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ORP Blyskawica - Mirage 1/400

By: Stephen Allen

ORP Blyskawica was one of two British designed and built destroyer leaders delivered to Poland in the years immediately prior to the second world war. Designed and built by the firm of J Samuel White, Blyskawica (Lightning) and identical twin Grom (Thunder), were heavily armed, large, fast and designed for Baltic service. Both vessels were fortunate enough to be ordered to the UK at the outbreak of war. While Grom was sunk in 1940 off Norway, Blyskawica survived the war, to be returned to Poland and, ultimately, preserved as a museum ship in the port of Gdansk. Blyskawica is a unique survivor of pre-war British destroyer design and construction, and is a worthy memorial to the role played by Polish sailors in the Second World War.

In 1941 Blyskawica's original main armament and heavy mast were replaced, as the ship was apparently overloaded for open ocean service. Blyskawica emerged from refit with a main armament of four twin Mk. XIX four inch mounts and a lighter tripod mast. Later refits saw the close range armament of the ship improved and additional radar, making Blyskawica one of the most formidably and adequately armed destroyers to serve in European and Mediterranean waters. It also served to make the ship even more like its Royal Navy contemporaries in appearance.

Mirage make a number of kits of both Blyskawica and Grom, depicting them in pre and early war fit, and showing Blyskawica in late war (43-44) and post war ('67) guises. I bought and built the 43-44 version of Blyskawica, as I was keen to practice disruptive camouflage painting and weathering techniques, prior to completing my build of HMS Victorious (also shown in some of the images as a size comparison).

The kit is fairly straightforward and of reasonable quality both in moulding and detail. The only real problems in construction were some gaps in fitting the main deck aft to the hull, some sink marks in the sides of stowage boxes and some evidence of mould damage/deterioration which shows as slight depressions and streaks in the hull sides. It is clearly an earlier effort than Mirage's kit of the French built Burza and Wicher, as this latter kit is much better and more crisply detailed.

Additions to the kit included some correction of minor detail, replacement of the masts with brass rod and tube, opening up of the solidly moulded funnel cowl and addition of a stretched sprue grille, replacement of kit supplied 20mm guns with etched equivalents, new 40mm barrels added to the kit base (the barrels started life as 5.5 inch guns on the Italeri Hood) and some additional detail to the 4 inch mounts - canvas mantlets, sighting ports and the characteristic rear overhang. There is no specific etched set available for these kits (a pity, as Mirage make one for their smaller Torpedo boat kits and U-Boats) so I made do with odds and sods. Railing, ladders and gunnery radar are from a Tom's Modelworks set intended for KGV, the etched Oerlikons are actually 1/350 from WEM, the parbuckle stowage and stern depth charge rails started life as girder detail for 1/500 scale Japanese aircraft carriers. Anchor chain and the very nice anchors came from the GMM 1/700 'anchor and chain' set. These little etched anchors look great when completed, and the size range is sufficient to do any kind of destroyer in 1/400 scale. Watertight doors are from the GMM 1/400 set.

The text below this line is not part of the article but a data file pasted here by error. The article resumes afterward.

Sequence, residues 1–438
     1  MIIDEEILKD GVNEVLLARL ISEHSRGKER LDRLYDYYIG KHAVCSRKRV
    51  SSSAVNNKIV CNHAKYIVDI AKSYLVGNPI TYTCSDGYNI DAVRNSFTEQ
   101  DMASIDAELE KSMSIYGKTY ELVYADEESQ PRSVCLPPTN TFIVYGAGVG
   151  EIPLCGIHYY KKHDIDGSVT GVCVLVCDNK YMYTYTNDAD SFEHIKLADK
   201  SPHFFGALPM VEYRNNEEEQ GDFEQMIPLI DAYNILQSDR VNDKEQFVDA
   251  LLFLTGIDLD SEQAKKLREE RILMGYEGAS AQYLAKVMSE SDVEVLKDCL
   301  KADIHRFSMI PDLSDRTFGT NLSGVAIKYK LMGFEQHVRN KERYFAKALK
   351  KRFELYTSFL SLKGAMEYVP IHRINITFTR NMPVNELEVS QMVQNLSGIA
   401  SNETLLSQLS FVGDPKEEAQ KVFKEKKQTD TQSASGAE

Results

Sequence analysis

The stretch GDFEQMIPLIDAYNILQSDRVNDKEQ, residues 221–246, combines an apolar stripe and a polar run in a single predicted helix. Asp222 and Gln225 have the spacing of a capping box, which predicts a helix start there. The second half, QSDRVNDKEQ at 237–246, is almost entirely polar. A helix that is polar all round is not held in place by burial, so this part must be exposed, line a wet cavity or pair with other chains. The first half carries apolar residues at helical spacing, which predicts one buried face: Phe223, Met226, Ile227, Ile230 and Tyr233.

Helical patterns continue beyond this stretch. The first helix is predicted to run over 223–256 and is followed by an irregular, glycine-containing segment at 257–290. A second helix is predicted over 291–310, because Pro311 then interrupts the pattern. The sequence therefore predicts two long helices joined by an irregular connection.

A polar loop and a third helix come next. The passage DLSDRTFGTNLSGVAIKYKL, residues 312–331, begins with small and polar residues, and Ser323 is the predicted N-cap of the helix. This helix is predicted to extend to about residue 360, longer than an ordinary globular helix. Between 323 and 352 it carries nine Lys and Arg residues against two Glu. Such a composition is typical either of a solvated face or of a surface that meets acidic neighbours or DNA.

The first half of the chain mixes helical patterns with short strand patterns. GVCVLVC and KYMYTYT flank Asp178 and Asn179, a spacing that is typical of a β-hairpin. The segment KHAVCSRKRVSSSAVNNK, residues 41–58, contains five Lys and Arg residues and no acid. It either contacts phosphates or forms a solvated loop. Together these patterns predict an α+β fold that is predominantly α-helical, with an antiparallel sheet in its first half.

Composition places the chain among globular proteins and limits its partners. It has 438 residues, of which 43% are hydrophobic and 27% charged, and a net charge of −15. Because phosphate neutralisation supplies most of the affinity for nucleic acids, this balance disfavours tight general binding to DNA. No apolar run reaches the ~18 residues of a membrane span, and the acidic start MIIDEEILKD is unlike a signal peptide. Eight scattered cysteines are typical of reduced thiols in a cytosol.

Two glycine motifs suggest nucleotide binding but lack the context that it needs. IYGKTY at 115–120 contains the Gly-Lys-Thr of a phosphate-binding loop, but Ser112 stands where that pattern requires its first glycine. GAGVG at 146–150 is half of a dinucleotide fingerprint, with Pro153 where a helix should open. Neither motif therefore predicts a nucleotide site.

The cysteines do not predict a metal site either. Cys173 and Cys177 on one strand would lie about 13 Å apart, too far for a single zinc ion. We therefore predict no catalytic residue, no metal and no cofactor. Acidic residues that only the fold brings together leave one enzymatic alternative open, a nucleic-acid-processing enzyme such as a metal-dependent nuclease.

The real fun in this kit was painting. Tape was used to mark out the 'in' strakes of hull plating before the undercoat was applied. Once removed, the hull had acquired the characteristic horizontal strakes of a riveted hull.

I make no guarantees about the actual colours used to depict the Admiralty disruptive pattern scheme. The kit instructions call out Humbrol colours which have no real equivalents. A short discussion with John Snyder of WEM fame came up with some possible Colourcoat RN equivalents for the period in question, but in the end the choice was mine, so please don't beat up on John for my mistakes.